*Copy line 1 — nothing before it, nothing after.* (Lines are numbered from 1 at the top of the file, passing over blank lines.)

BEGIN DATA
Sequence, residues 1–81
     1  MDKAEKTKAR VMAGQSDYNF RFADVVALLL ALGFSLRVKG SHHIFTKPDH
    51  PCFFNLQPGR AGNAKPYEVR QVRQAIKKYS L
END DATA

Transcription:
Sequence, residues 1–81